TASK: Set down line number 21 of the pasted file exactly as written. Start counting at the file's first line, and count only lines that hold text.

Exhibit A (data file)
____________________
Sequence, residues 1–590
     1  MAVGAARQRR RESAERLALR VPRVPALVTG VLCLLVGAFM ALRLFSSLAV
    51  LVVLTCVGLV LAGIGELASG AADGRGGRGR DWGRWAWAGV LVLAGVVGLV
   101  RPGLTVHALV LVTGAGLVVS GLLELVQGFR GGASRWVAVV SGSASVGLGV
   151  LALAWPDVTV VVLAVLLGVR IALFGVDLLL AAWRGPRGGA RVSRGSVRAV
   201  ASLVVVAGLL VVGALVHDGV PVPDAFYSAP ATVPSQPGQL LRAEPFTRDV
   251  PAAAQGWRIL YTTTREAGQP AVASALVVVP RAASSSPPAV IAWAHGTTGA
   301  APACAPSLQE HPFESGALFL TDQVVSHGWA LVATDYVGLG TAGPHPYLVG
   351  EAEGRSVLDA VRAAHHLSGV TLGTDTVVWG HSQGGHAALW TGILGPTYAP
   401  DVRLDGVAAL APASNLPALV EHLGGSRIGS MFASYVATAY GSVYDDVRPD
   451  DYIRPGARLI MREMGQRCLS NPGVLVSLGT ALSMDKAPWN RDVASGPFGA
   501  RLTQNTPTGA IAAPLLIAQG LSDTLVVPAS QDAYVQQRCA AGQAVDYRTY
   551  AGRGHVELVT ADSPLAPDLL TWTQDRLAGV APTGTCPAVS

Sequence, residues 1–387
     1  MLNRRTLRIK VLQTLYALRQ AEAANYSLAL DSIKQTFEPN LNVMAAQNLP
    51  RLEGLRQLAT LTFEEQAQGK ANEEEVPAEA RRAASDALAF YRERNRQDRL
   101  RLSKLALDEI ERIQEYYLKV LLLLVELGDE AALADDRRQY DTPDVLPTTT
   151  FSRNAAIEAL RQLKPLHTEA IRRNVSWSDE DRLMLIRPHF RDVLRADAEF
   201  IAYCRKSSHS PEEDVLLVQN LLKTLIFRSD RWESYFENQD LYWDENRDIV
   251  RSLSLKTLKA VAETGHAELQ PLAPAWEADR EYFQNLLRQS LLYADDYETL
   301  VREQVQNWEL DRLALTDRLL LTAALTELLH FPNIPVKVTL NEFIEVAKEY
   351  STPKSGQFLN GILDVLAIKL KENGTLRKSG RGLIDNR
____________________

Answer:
   301  VREQVQNWEL DRLALTDRLL LTAALTELLH FPNIPVKVTL NEFIEVAKEY